A Dunfermline man has told how he covered the body of a tiny dog with a t-shirt to prevent schoolchildren from witnessing the bloodbath after it was mauled to death by a bigger dog.
John Carstairs tried unsuccessfully to help save the papillon from the jaws of the rogue Staffordshire bull terrier in Harris Place, Dunfermline.
Despite having a disability, he rushed to the aid of dog owner Joy Kennedy after hearing her pet’s yelps of pain.
He kicked the staffie several times in the head to make it release the other dog and confronted its owner, Robert Dalton, when he came looking for it.
Ms Kennedy was able to save her other dog, Morgan, by picking her up.
Mr Carstairs said the attack left the street outside his home covered in blood.
He said: “Because it was at the time of all the kids going to school I put an old t-shirt over it to stop the kids seeing.
“She (Ms Kennedy) kept thanking me for trying to save her dog.
“That dog (the staffie) took some getting off.
“I don’t like cruelty to animals but I don’t know how many times I kicked that dog in the head until it released.
“I said to the owner, ‘Your dog just killed another dog’ and he said it had been attacked by a small dog when it was wee and was frightened of them – but that wasn’t fear.”
John’s wife, Helen, said they had been watching the morning news when she and her husband heard a “terrible” yelp.
She said: “We looked at each other and I said to my husband ‘that’s bad’. The noise was worse than when you stand on a dog’s paw – it’s high pitched and it goes on.
“It makes the hair at the back of your neck stand up.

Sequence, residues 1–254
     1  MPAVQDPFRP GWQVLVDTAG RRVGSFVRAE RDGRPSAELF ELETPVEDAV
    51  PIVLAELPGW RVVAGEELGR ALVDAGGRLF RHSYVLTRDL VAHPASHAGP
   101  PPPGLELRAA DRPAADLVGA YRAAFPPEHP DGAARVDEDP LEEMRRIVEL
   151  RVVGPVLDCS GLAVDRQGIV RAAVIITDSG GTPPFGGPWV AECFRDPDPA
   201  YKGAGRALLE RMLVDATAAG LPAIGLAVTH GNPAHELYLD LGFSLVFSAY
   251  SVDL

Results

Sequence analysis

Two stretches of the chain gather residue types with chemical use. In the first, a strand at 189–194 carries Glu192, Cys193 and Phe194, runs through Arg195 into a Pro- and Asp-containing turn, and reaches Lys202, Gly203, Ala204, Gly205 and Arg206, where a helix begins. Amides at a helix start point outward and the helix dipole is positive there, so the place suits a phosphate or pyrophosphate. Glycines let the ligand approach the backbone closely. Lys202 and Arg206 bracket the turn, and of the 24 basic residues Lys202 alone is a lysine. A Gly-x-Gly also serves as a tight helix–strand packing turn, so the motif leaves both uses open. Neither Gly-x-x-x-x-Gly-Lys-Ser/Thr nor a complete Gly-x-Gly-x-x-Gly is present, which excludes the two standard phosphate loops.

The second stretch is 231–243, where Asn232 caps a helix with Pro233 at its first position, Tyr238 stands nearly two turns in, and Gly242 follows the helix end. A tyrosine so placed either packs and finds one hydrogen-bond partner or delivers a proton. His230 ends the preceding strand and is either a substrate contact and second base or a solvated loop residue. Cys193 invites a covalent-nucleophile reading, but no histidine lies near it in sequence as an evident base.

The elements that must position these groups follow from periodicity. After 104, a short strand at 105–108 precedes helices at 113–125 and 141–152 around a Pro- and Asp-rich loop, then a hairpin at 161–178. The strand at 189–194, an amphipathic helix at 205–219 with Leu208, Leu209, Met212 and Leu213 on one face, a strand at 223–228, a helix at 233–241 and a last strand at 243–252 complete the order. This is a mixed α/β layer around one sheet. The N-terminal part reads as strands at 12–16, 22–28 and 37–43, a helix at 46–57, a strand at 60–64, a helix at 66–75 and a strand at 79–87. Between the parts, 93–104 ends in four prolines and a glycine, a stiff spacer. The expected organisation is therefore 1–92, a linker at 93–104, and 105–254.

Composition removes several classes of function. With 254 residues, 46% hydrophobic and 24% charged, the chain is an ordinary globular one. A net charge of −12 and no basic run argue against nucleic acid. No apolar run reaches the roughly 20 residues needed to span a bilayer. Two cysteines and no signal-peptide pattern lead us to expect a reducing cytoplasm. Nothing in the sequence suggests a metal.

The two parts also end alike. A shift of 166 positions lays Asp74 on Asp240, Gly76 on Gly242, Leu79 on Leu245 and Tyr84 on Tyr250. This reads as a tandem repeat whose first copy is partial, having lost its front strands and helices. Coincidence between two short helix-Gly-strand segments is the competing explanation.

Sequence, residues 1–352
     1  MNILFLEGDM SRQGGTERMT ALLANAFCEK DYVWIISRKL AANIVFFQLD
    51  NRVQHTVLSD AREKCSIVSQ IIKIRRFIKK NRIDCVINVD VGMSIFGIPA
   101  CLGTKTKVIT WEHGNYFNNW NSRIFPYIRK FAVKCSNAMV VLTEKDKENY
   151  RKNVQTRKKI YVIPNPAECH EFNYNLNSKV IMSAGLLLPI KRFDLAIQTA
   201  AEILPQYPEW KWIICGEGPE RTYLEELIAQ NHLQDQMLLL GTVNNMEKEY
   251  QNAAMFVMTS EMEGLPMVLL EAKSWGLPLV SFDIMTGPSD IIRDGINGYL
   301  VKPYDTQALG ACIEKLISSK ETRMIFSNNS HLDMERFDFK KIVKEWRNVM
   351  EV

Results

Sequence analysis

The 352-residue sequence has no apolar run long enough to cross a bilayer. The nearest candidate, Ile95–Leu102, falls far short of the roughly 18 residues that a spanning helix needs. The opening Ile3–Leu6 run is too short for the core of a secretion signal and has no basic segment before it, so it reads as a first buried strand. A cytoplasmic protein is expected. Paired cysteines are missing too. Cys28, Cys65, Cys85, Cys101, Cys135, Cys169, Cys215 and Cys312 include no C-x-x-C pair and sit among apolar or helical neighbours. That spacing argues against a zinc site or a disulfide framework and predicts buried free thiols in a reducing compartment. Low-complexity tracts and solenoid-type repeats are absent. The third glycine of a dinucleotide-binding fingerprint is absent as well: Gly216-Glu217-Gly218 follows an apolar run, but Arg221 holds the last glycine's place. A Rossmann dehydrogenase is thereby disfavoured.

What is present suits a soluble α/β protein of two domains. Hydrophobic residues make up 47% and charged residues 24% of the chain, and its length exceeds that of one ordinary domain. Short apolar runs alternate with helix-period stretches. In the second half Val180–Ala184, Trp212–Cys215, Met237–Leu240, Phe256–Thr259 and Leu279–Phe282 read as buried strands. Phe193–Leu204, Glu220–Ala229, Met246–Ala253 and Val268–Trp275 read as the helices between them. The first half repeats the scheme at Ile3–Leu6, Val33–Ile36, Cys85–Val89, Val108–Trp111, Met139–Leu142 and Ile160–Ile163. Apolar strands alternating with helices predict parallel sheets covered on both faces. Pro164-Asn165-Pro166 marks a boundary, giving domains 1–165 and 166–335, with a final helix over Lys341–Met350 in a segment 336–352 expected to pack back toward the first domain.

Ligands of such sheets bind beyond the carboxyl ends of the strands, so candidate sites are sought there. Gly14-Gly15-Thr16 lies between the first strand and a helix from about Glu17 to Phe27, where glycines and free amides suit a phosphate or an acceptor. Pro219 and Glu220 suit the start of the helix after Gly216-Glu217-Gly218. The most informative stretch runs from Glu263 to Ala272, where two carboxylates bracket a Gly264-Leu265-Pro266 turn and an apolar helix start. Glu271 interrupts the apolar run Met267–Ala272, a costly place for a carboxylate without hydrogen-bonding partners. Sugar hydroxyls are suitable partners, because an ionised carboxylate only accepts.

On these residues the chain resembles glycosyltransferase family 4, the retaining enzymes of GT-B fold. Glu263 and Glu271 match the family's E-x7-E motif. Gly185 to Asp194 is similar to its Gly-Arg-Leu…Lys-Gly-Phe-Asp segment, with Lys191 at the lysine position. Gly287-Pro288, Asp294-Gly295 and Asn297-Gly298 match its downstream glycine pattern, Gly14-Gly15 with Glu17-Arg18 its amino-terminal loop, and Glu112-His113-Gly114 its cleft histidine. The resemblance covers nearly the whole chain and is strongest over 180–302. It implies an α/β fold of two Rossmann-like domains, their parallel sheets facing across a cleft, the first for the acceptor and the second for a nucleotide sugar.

“My husband came out of the house and found a big dog attacking a wee dog.
“He kicked the dog to get it off. He’s disabled and I didn’t know he could get his leg that high – that’s what adrenaline does for you.
“I knew it was dead right away. John got to the corner and saw the owner coming down – the language was blue.
“I know some neighbours have had concerns about that dog for a while.
“For a long time the other dog (Morgan) wouldn’t come along this way.”
Mrs Carstairs said the incident will stay with them both for a long time.
She said: “Even now I can still hear it.
“For days we just couldn’t forget it – it stays with you.
“It’s an awful sound that even now still lives with you.
“I have never heard anything like it and I hope never to hear it again.”
Mr Carstairs added he needed medical treatment after scratches sustained in the incident became infected.
“I don’t know how she (Ms Kennedy) wasn’t bitten. The attacking dog got my leg.
“I was back and forth to the doctors for three months.
“I didn’t know at the time because it was a few days until they became infected.”
Dalton later came to the Carstairs’ door with a bunch of flowers but they angrily ordered him to take them to Piper’s owner.
Ms Kennedy, 72, said she accepted the flowers but could not bear talking to Dalton and closed the door in his face.
She said: “He brought flowers the next day. I wasn’t happy and I took them and closed the door.”
She said Piper – just a year old when he died – was on a lead at the time he was attacked.
“I was out with Morgan and Piper during our usual morning walk.”
Screaming for help
She continued: “The dogs were walking beside me on lead and I didn’t see the other dog as it came up behind me.
“It got hold of Piper and wouldn’t let go. He weighed all of 5lb and be had this 90lb behemoth on top of him and he couldn’t move.
“I grabbed Morgan before it could latch on to her and kill her.
“I was screaming for help and kicking at it.
“It had no collar or harness on – there was nothing I could grab.
“It finally let go when Piper was dead.
“I was in total shock – you don’t expect something to happen like that on the street.
“Since then we have been scared of big dogs and understandably freak out – I’m worried it will happen again.”
Dalton, 76, admitted having a dangerously out of control dog in on January 29 2019 and now faces having his dog put down.
He will be sentenced at a later date.